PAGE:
Many people think mindfulness is some new age thing which goes hand in hand with meditation. Viewed this way, many are turned off by the idea and toss it aside as something not worth entertaining. I use to think the same thing, until recently. The picture of me above is an example of practicing mindfulness.
So what is mindfulness exactly? Well, it is a fancy way of saying, pay attention to what you are doing!
Living in such a fast-paced world, constantly on the go with our overly busy schedules, we often do not take the time to really pay attention to what we are doing. We think we are the gurus of multitasking. Texting, eating a sandwich, and driving our car all at the same time. Talking on the phone while walking our dog in the park. Shopping, yelling at the kids, all while trying to schedule a doctor appointment. Yes, we think we can do all this and more, but what do you think happens in the process? We do not really enjoy the walk in the park, our dog does not get much of our attention, and we only heard half of our friend’s conversation. We forget to pick up the one thing we needed at the store. We did not actually taste the sandwich we ate and we might have even gotten in an accident while driving. None of these things are fantastic. Our day may even turn into one big whirlwind of stress because we never really stop, or at the very least…slow down. It is frustrating and exhausting at best and at worst it can be dangerous.
The solution? One word, mindfulness.
Ok, so what is mindfulness really? It is about focusing on one task at a time. Paying attention to what you are doing. I mean really paying attention! Noticing the details of the task and appreciating it for what it is. For example, instead of multitasking while driving, do this instead. Clear your mind from all of the thoughts that normally run rampant, do not worry about cursing at the stupidity of the other drivers, do not eat and do not text. Focus on the road ahead. Notice all of the things happening around you as you drive. The vehicles you pass, the road signs, the buildings, the speed limit and even the weather. Notice everything about driving from point A to point B. This is driving in a mindful manner.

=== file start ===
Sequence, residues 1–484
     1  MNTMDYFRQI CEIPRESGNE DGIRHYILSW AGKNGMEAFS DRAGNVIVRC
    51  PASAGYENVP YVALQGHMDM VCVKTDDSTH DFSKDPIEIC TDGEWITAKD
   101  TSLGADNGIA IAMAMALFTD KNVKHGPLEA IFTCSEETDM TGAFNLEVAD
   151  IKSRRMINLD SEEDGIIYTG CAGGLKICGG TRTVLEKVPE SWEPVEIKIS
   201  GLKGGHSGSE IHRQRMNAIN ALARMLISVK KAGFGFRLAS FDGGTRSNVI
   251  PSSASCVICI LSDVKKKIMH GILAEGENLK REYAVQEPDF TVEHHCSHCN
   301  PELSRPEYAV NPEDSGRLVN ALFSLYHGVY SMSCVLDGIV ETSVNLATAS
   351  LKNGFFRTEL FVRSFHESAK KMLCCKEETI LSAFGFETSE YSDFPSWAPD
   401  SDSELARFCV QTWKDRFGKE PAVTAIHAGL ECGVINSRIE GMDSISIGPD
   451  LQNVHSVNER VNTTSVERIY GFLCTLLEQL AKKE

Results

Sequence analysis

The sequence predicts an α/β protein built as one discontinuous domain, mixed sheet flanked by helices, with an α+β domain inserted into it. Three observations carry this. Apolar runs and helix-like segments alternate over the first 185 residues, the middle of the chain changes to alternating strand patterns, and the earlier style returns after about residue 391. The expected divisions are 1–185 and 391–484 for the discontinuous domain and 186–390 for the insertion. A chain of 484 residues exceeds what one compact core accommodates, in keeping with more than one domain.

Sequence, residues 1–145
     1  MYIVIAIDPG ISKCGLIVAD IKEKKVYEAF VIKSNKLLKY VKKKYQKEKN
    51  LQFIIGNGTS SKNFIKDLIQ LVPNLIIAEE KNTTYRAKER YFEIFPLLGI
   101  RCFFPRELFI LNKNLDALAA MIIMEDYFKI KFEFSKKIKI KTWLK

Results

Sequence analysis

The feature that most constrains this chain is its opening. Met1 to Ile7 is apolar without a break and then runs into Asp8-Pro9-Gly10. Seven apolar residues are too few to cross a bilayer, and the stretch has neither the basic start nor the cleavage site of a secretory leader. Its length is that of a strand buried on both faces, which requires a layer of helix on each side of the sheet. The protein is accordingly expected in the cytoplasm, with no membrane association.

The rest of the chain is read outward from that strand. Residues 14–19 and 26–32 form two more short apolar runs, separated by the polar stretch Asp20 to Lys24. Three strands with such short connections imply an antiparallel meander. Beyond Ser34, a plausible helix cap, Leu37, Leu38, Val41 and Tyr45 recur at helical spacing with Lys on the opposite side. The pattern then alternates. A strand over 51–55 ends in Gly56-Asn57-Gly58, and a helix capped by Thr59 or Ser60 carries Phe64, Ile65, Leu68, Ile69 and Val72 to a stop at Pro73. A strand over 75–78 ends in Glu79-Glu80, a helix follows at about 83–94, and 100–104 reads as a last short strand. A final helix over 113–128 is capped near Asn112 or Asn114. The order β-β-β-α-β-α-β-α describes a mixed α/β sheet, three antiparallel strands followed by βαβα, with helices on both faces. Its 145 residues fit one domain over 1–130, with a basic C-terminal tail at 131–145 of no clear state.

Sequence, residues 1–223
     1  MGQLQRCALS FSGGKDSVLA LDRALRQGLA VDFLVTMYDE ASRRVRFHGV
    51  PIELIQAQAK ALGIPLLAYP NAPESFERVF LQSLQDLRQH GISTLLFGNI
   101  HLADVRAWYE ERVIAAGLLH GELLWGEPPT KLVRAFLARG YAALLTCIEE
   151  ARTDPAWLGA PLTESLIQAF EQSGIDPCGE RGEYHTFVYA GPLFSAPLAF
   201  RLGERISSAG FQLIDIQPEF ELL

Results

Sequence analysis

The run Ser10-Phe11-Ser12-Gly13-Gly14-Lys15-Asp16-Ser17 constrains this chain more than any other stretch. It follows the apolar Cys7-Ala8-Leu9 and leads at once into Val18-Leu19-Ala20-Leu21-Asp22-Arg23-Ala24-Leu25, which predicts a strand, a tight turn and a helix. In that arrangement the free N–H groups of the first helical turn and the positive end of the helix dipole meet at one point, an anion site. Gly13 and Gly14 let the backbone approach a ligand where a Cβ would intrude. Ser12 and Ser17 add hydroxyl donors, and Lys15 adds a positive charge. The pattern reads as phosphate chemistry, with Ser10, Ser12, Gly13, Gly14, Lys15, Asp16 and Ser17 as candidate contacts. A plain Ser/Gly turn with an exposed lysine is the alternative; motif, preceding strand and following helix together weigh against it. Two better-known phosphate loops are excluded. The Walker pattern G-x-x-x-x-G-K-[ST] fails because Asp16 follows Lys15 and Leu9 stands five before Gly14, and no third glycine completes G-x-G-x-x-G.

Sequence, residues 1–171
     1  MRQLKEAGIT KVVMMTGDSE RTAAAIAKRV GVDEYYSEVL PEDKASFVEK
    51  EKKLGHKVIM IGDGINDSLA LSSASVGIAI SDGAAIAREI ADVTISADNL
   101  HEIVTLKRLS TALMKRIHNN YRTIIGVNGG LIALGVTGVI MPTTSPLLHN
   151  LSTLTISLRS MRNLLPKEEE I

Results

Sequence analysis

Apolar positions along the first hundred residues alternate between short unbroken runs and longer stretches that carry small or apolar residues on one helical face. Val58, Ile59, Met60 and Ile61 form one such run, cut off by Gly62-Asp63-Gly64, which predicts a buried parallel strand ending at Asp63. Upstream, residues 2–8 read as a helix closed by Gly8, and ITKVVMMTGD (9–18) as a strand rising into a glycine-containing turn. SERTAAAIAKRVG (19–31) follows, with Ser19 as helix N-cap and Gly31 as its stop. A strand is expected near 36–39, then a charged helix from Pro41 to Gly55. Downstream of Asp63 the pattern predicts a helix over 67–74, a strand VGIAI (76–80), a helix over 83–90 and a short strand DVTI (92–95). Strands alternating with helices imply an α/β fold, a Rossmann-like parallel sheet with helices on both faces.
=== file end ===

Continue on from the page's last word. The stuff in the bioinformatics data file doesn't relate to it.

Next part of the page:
Another example of practicing mindfulness would be eating dinner in a mindful way. When cooking dinner, take the time to read the recipe. Take the ingredients out one at a time, notice how the ingredients look, smell, and taste. Notice as the ingredients come together, how they change the smell and taste of what you are cooking. Purposefully set the dinner table, paying attention to how the dishes are set and how the place setting looks when it comes together. Dish up the food and arrange it any way that feels right. Take a moment when sitting down to appreciate the smell of the food and its arrangement so carefully set. As you begin to eat, notice the color, texture, and taste of the food so lovingly prepared.
Oh, and what am I doing in the picture above that makes it an example of mindfulness? Well, I am listening to the sounds of the waves. Feeling the sand beneath my feet as the tide moves in and out. Noticing the way the waves hit my feet and legs. How cool the water is compared to how warm the sun feels on my skin. Noticing the blue-green of the ocean as it meets the blueness of the sky in the distance. Really, just being in the moment. It was so calming and relaxing. It took my mind off of all the craziness that is usually my life and spoke volumes about being on vacation in an amazing place. Soaking it in…being in the moment. Or also known as truly experiencing the present.
While practicing mindfulness cannot possibly happen 24/7 and multitasking is sometimes a necessity, I highly recommend practicing mindfulness when and where you can! Some of the side effects of practicing mindfulness are:
– Getting to enjoy the moment as it is, without distractions.
– Relieving stress and worry by keeping thoughts and worries at bay until dealing with them becomes the task in the present. So not focusing on the past or future.
– Not overeating, losing the keys or forgetting to turn off the curling iron before leaving the house because you are doing things with purpose. Paying attention to how much you are eating, where you placed your keys, and purposefully turning the iron off before moving on to other things.
– Quieting racing thoughts by focusing on the task at hand. Calming nerves and lessening panic.
– Finding joy in the little things.
Of course, if combining meditation goes along well with practicing mindfulness, then go for it! There are no rules on that as far as I know. Do what feels good. Do what you find helpful. Slow down! Take the time, make the time, to be mindful. I do not think you will regret it.
Enjoy the present, it is called the present because it is a gift. You cannot change the past and obsessing over the future will not necessarily make you better prepared for what is to come.
One day at a time, one moment at a time. Make the most of it.